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Technological change strongly affects the use of information to facilitate anticompetitive practices. The effects result mainly from digitization and the many products and processes that it enables. These technologies of information also account for a significant portion of the difficulties that antitrust law encounters when its addresses intellectual property rights. In addition, changes in the technologies of information affect the structures of certain products, in the process either increasing or decreasing the potential for competitive harm.

For example, digital technology affects the way firms exercise market power, but it also imposes serious measurement difficulties. The digital revolution has occurred in stages. The most recent is "complete" digital distribution, where all of the content being shipped to the consumer is digital. Prior to that, although continuing to this day, music and some books and other media are distributed in formats such as digital compact disc (CD) or digital video disc (DVD). Although most of the direct user content in such formats is digital, it is still placed on a physical object, which is then packaged and distributed to consumers through traditional channels, including brick-and-mortar retailers and the mails. By contrast, complete digital distribution refers to markets such as downloaded songs and downloaded or streamed video content, including movies, games, and software, as well as electronic books. The entire consumer "package" is distributed purely electronically. Complete product digitization changes the size or shape of the markets in which firms operate, in the process affecting their opportunities to exercise market power.

In purely digital markets intellectual property rights are crucial to the ability to exercise significant market power. Once a book such as Moby Dick enters the public domain it can be very cheaply copied and digitization reduces marginal costs to practically nothing. As a result even explicit price fixing is unable to maintain prices above cost for extended periods. If an anticompetitive restraint occurs in purely digital markets it is almost never in the product itself, but rather in the infrastructure necessary for distribution. One feature of antitrust litigation in purely digital markets is that the "product" consumers want is frequently only the tail, while the delivery device is the dog. For example, the major bottlenecks in the eBook and eMusic industries have not been the books or songs themselves, which are rarely capable of being monopolized, but rather technological constraints on reading or listening devices and the software formats that they run.

Another important characteristic of purely digital markets is high fixed costs but marginal costs that are very close to zero. So if digital media are sold in competition with one another then why is the price not zero or something very close? That answer has to do with the twin effects of intellectual property protection -- namely, per use royalties and product differentiation. A per use royalty is a variable cost that the seller incurs each time it sells a unit. As a result it is part of marginal cost. For example, if the author of an ebook is entitled to one dollar on each copy sold, then the price must be at least one dollar. By contrast, lump sum royalties (or zero royalties, as is common for academic publications), which are a single royalty on a product over its entire commercial life irrespective of output, do not show up in marginal costs.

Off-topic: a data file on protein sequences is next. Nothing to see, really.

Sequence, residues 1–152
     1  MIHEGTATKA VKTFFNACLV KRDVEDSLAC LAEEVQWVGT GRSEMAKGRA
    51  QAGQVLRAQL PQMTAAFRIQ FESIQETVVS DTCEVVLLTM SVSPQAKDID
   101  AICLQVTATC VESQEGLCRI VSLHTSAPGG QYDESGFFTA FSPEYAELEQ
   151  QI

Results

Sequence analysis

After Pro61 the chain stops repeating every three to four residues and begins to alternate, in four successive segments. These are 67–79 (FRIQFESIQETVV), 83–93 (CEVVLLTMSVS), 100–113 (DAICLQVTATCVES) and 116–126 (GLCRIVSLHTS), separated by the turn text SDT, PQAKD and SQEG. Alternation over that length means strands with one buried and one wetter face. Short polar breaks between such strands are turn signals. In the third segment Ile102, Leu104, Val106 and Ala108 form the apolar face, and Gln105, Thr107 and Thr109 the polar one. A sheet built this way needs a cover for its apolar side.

Intellectual property rights also create product differentiation, which considerably blunts the impact of competition. Books that are still under copyright cannot be precise copies of one another. The second of two identical books would infringe the copyright on the first. To the extent they differ, however, customers have preferences for one over another and this permits prices at above cost even though the market has multiple competitors. Entry into the public domain leads to product homogeneity under competition, often driving the price of purely digital products to zero. This is reflected in the pricing of public domain books and other texts.

This paper focuses mainly on five issues: (1) assessments of market power and the opportunities for its exercise in information technologies; (2) the largely misconceived antitrust inquiries into Google Search; (3) the eBooks price-fixing and most-favored nation litigation, where the Second Circuit recognized that the use of naked collusion to force increases in eBook prices was not only per se unlawful but also an attempt to prevent a revolution in book distribution and pricing that is all but inevitable; (4) the appropriate role of antitrust policy in facilitating internet neutrality; (5) the important but also limited role of antitrust law in assessing certain patent practices, including standard setting, FRAND commitments, and patent pools.

There is little reason for thinking that competition cannot work in most digital markets, including most that are purely digital. The trick is keeping the channels open for new entry, movement, and consumer choice.


68 Fla. L. Rev. 419 (2016).